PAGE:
We’ve gone through huge transitions as a society in the last few months. With most offices closed, employees were tasked with setting up desks at home, often times juggling busy workloads with parenting demands. Now, as lockdown measures start to ease, some workplaces are beginning to reopen. And though many people will look forward to getting back into a familiar routine, there’ll no doubt be challenges along the way. It’s natural to feel anxiety around returning to a world post-Covid; here’s how Professional Trainer Sheila O’Malley suggests you set yourself up for success.

Cultivate Healthy Rituals

For many of us, we’ve adjusted to a new, albeit hectic routine. Now, we’re challenged to change again, in lots of cases returning to workplaces that may not feel familiar anymore. To help with this transition, Sheila suggests establishing a set of ‘healthy rituals’. First up, prepare your body for the working week by ensuring you get enough sleep. “It’s so important for emotional regulation”, says Sheila. “As you head back to work, I recommend going to bed an hour earlier, and replacing the laptop with a book.” With enough sleep, we’re calmer, which will help us reintegrate with our colleagues (who might also be nervous about returning to the office).

Maintaining Connection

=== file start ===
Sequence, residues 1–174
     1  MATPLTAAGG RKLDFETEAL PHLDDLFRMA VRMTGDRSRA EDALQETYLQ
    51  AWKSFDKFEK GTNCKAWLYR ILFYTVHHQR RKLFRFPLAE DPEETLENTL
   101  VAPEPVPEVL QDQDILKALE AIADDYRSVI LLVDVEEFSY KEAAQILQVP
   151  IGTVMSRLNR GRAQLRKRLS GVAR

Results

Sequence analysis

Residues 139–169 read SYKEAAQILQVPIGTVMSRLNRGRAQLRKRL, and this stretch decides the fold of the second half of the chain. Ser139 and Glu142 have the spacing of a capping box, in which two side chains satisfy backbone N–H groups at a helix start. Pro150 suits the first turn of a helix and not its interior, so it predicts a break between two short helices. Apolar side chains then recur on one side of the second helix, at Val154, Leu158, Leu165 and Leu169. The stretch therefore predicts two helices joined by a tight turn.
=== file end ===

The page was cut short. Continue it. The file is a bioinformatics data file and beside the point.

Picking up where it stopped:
As some of us revert to a busy 9-5 work model, we may find ourselves with less time for the hobbies and habits we picked up during lockdown. However, Sheila stresses the importance of maintaining those interactions with friends and family. “We have a need for connectiveness with other people. Chatting to them, offloading, getting a new perspective – you come away with a bounce in your step.” During those first few weeks back in the office, be sure to make time for walks in the fresh air with friends and phone calls to family members you mightn’t see regularly. 

Dealing with Anxiety

Of course, with a return to work comes worry around practical things, and it’s totally normal to feel apprehensive. If you feel a wave of anxiety coming on, Sheila suggests a simple mindfulness technique. “Anxiety is future-based”, she notes. “You’re worrying about something that might happen. The best thing you can do is breathe through it – take your focus out of the anxious ‘fight or flight’, and move your attention to your feet on the ground. Breathe in for a count of three, and out for six. Remember, your ability to manage stressful situations will be so much better if you’re calm and centered.”